Fashion divided first the rich and wealthy from the common man. It was restricted to the royal courts and families that had their say in matters of the state, the region, the city or were connected to it in one way or the other.
In the beginning of the last century fashion celebrated its entrée to the middle class and a bit later to the masses. Industrialization of the apparel industry made it possible that women of all social backgrounds could dress up with their personal choice of clothing yet within the guidelines of what was accepted and what was rejected in society and the choices they could make depended, just as today, on their budget.
Evolving fast and mirroring the moral standards, circumstances and lifestyles of the society as a whole, fashion broke free and went wild after World War Two.
Teenage fashion in Europe was heavily influenced by trends coming from America, which got it’s foothold in the market. Young men started to dress up rebellious. Leather jackets and jeans created the “Marlon Brando Look”, accompanied by a girl in high heels and slim fit pants, or a body-hugging, narrow skirt combined with a top that revealed a seducing cleavage was the top. The so called “Elizabeth Taylor” style caused for many girls a lot of trouble at home. This group was opposed by traditional dressed young men in suits, white shirts and ties. Their girls were dressed in pretty dresses, blouses and petticoats under the circular cut, full skirts. The two groups could not find much of a common ground. For the first time, fashion made visible, who is conservative and traditional and who is exploring new terrain, equipped with a restless, adventurous spirit and the desire for change.
This trend proceeded into the sixties when next to the conservative young people two additional groups appeared in Europe that could be identified by the fashion they preferred. Well dressed “Mods” in flower printed cotton shirts and velvet pants met the “Beatniks”.
The Mods, interested in the arts, fashion and trends, cultivated the rules of society as a playground for their own needs and had no interest at all in politics. This group explored their limits within the accepted borders of the society and wanted to excel in originality. Organizing happy “Happenings” they were opposed by the anti-materialistic Beatniks that organized “Sit Ins” and demonstrations.
Stimulated by the music of Bob Dylan, Joan Baez and The Rolling Stones the Beatniks were representatives of the anti war movement and fought against restricting laws and for human rights. Politically active they could be identified on hand of their clothes: jeans, t-shirts and/or jumper and parkas. These items were their common uniting clothing style and valid for the female as well as male gender. This fashion in its simplicity was very much worn as others wear a uniform. Olive green and knee long, the parka with hood, was like a flag, signaling the attitude these young people had towards the society and in specifically the Vietnam War. This fashion was present when the students fought in the streets of Paris and Berlin and had not much in common with the beatnik culture in America. Denied by this group as “fashion” because fashion meant “consuming” it was nevertheless served as such to the Beatniks with pleasure. Levis was “the jeans brand” and a must have for each Beatnik that walked the streets of Europe. Fact is that Levis jeans were everything else then inexpensive then and only available in special Jeans Stores in Europe.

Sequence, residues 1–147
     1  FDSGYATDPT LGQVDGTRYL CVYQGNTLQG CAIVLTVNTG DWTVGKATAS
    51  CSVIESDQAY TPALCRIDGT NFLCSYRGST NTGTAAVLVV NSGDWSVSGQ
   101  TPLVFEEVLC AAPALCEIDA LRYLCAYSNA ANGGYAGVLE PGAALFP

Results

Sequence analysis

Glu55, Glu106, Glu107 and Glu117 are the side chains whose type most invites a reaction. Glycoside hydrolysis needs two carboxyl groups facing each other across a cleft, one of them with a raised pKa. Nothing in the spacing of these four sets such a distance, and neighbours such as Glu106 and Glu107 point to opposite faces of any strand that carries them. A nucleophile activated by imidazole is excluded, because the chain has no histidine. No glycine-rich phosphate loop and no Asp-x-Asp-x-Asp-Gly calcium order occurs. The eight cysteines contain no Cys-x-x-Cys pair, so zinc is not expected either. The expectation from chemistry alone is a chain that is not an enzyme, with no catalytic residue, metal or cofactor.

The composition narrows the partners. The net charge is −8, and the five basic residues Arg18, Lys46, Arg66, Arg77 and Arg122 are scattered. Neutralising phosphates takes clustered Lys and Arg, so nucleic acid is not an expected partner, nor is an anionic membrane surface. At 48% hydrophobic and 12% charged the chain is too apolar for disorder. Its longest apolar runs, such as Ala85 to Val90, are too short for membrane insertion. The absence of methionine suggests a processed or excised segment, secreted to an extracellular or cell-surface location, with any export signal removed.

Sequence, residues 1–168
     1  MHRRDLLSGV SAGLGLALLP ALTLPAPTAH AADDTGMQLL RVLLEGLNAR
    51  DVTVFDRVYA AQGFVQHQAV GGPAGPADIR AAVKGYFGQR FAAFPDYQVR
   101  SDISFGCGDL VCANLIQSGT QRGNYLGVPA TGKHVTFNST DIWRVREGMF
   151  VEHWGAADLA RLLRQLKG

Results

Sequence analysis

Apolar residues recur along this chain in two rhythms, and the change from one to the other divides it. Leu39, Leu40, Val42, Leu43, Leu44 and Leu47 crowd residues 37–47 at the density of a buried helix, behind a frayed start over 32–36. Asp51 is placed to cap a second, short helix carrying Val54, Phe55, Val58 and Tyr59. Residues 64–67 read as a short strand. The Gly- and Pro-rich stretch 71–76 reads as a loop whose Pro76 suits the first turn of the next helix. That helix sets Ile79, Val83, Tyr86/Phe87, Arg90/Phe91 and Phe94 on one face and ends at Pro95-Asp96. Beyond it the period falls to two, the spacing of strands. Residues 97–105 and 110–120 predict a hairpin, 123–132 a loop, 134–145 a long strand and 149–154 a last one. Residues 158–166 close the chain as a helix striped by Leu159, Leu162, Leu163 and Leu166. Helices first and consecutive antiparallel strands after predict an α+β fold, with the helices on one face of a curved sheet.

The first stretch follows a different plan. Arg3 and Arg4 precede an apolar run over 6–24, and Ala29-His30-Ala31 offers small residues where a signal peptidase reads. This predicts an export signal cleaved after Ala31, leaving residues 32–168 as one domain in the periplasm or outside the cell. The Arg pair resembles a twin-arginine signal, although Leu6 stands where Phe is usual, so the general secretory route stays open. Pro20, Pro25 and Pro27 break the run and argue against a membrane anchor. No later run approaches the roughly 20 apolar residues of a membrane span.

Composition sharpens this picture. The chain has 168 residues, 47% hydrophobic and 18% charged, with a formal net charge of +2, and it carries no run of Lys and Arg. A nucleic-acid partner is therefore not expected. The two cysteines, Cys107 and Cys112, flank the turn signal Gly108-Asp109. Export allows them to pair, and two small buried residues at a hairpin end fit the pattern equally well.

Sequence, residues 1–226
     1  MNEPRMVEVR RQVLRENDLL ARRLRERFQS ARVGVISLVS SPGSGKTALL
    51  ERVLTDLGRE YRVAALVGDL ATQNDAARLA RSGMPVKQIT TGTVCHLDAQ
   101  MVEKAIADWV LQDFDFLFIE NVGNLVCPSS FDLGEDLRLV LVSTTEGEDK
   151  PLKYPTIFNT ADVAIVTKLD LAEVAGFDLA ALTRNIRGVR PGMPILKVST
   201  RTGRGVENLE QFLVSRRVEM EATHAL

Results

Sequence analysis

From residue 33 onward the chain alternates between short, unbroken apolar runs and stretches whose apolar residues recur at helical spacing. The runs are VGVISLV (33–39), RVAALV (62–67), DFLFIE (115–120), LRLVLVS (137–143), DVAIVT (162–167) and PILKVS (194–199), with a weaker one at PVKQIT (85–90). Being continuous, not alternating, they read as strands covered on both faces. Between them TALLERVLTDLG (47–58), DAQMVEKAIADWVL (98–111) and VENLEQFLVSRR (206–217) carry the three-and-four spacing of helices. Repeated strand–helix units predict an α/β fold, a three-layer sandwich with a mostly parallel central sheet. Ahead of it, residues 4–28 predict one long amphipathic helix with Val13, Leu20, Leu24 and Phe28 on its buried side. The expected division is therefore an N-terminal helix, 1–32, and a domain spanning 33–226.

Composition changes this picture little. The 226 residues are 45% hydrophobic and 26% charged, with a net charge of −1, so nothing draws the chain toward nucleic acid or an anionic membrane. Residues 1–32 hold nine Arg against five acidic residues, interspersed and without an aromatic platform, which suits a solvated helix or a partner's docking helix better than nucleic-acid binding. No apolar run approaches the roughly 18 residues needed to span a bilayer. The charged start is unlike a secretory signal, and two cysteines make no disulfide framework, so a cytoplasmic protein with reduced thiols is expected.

Groups were even more divided in 1970. Accelerating in speed fashion moved on in the 70ies and had for all new developing groups something on offer. It rather seemed that fashion was uniting all these different streams, attitudes, ethics and moral values or maybe better said: it took the edge off. The love and peace generation brought the Indian clothing style to Europe and America which turned out to be a huge resource for fashion designers, inspiring and boosting their creativity. Long skirts and dresses next to cute suede and jeans mini-skirts, floppy hats, the tunica for men and women. Bell-bottom jeans and worn out jeans enhanced with embroideries and colorful patches, this free-spirited trend left its footprints in fashion and comes back in many forms and shapes up to today.
Suede jackets in the style of American Indians with beaded décor and fringed sleeves, or embroidered blouses picked from various cultures, such as the Spanish Carmen Look, Torero pants for women and Boleros created the so called “Folklore Look” which was extremely popular in Europe. By opening up the treasure box of fashion of the world to young consumers, interest in other nations was stimulated and tolerance nourished – raising the awareness that everybody on this planet has something worthwhile to contribute and to offer and that we can share all the beauty of fashion. The Folklore Look is still coming back in cycles in a tuned down style and dresses nowadays women of all ages.